Francis-Jones Morehen Thorp The Waterfront Pavilion Sidney

Australia, Sydney, Australia,



Drawing on traditional elements of naval architecture and shed construction, architect Francis-Jones Morehen Thorp designed a unique, poetic building: the Waterfront Pavilion, anchored at Darling Harbour, Sydney. The judges at the World Architecture Festival, held in Berlin November 16 through 18 2016, selected the Waterfront Pavilion as winner in the Display section.

Francis-Jones Morehen Thorp The Waterfront Pavilion Sidney

Francis-Jones Morehen Thorp’s Waterfront Pavilion is anchored at a wharf in Sydney’s Darling Harbour. The pavilion is part of the Australian National Maritime Museum and was built to commemorate the centennial of the First World War and of the Royal Australian Navy (RAN). At “Action Stations” visitors can enjoy a dynamic, participatory experience of the history of the RAN and its members.
The former destroyer HMAS Vampire, the submarine HMAS Onslow and the patrol boat HMAS Advance are anchored by the pavilion. Built on a limited budget, the construction extends along the narrow wharf to become a place for strolling between the former destroyer HMAS Vampire and the submarine HMAS Onslow. The presence of the military craft determines the shape of the pavilion, with a fluid motion that seems to rise up by the submarine turret to reveal the glassed-in entrance . Inside, it is designed to look like an industrial shed, with ordinary finishes and coverings, inviting event curators to transform the spaces to suit the needs of the moment.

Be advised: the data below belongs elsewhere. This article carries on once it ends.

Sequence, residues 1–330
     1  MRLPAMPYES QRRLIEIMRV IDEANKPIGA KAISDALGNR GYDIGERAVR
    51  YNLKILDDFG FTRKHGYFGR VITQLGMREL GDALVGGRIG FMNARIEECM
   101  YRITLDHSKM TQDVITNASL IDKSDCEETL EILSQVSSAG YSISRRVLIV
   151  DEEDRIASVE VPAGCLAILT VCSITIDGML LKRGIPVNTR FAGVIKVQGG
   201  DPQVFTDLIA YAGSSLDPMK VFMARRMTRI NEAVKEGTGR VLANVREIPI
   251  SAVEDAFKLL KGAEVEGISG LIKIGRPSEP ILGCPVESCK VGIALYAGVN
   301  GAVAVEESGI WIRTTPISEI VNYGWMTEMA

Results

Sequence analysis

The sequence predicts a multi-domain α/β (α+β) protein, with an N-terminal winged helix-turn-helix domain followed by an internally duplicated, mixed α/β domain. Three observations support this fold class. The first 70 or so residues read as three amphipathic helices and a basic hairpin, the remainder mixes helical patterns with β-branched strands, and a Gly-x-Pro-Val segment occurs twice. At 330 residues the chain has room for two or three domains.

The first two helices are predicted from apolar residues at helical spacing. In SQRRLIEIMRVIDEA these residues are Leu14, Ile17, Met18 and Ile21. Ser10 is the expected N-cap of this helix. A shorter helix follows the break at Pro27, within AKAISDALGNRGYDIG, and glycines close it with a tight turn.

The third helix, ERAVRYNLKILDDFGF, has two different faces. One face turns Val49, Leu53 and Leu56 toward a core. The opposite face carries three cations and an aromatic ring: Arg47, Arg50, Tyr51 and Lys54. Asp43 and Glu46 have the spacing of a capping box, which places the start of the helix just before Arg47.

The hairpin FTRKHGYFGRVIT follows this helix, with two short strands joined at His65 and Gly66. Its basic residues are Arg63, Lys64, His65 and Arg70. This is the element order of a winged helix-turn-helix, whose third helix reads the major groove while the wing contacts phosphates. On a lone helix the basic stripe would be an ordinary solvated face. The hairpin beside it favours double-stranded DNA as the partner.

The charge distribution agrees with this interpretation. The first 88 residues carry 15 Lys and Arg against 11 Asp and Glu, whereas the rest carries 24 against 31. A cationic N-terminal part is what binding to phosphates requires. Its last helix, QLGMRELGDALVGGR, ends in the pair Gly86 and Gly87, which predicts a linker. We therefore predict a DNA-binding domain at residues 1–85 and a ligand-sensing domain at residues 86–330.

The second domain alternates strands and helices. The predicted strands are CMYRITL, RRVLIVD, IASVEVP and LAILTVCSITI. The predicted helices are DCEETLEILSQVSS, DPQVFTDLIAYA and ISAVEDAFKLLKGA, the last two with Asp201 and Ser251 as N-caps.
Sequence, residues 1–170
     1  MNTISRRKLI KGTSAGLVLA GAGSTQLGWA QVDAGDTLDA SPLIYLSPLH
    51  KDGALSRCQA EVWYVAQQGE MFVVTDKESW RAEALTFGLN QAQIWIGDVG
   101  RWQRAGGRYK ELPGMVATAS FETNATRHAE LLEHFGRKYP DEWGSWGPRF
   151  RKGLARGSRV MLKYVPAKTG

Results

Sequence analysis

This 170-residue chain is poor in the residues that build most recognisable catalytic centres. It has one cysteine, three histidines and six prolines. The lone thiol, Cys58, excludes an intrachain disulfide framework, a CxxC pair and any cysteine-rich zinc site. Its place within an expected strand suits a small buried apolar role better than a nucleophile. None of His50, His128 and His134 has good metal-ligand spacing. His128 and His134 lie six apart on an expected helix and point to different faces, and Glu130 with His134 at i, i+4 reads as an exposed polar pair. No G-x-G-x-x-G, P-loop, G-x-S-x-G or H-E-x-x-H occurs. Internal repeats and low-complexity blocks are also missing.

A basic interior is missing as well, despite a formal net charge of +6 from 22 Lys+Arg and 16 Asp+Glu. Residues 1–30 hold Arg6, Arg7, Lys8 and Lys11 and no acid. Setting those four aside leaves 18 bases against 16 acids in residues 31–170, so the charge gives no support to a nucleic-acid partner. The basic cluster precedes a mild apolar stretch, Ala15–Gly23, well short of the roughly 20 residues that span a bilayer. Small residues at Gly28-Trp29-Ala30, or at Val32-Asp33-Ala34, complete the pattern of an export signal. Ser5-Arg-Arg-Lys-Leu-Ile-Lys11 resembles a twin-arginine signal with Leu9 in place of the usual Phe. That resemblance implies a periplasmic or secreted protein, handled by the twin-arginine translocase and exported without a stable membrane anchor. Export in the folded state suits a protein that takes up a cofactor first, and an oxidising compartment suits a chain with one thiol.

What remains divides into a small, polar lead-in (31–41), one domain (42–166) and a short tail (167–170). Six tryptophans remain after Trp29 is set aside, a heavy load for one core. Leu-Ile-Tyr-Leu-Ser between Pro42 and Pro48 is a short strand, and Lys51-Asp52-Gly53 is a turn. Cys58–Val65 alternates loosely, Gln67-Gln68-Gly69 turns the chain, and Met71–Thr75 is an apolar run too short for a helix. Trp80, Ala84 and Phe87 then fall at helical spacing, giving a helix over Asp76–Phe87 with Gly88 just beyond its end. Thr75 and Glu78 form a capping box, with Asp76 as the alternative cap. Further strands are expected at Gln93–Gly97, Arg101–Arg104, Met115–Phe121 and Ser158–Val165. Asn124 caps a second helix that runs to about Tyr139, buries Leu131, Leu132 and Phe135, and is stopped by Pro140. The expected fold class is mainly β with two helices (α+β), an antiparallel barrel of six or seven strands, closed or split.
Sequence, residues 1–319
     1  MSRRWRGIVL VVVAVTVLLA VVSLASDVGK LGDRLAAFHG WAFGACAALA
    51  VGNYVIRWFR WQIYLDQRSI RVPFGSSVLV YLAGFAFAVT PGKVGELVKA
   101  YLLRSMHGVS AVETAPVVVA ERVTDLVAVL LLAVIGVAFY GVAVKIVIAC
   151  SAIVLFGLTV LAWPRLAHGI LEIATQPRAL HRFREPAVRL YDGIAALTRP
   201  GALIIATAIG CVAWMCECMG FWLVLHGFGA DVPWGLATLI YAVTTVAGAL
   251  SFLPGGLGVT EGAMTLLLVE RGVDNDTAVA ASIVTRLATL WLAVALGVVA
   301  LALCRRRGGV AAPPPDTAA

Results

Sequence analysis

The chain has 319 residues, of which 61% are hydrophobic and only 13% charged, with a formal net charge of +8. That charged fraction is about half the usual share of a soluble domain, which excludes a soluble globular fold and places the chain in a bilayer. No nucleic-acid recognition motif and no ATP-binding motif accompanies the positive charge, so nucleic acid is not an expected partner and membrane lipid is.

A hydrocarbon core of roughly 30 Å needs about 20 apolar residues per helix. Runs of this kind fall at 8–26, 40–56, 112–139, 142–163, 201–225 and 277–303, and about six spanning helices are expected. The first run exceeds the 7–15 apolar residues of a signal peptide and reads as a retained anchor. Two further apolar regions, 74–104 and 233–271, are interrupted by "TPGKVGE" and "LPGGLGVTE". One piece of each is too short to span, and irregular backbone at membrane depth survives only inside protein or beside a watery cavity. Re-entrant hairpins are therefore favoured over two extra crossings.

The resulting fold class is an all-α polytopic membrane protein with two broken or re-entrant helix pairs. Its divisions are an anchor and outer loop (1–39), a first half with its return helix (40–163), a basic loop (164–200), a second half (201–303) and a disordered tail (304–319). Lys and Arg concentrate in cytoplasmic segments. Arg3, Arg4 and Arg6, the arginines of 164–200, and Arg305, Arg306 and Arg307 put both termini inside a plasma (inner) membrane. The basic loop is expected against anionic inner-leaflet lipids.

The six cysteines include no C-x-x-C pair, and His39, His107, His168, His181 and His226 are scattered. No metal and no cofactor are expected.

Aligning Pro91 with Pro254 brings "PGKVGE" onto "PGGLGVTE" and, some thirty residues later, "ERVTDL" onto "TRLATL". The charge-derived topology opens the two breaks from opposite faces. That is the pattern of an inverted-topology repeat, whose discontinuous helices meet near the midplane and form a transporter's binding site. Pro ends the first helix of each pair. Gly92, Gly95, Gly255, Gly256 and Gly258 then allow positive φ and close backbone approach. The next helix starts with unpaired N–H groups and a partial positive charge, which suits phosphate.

Inaugurated in November 2015, the building has won a number of awards, most recently the World Architecture Festival Award 2016 in the Display category. The WAF judges particularly appreciated how architect Francis-Jones Morehen Thorp has managed to design a unique, poetic building through interpretation of traditional elements of naval architecture and shed construction.

(Agnese Bifulco)

Design: Francis-Jones Morehen Thorp
Location: Sydney, Australia

Images courtesy of WAF, photo by Brett Boardman Photography



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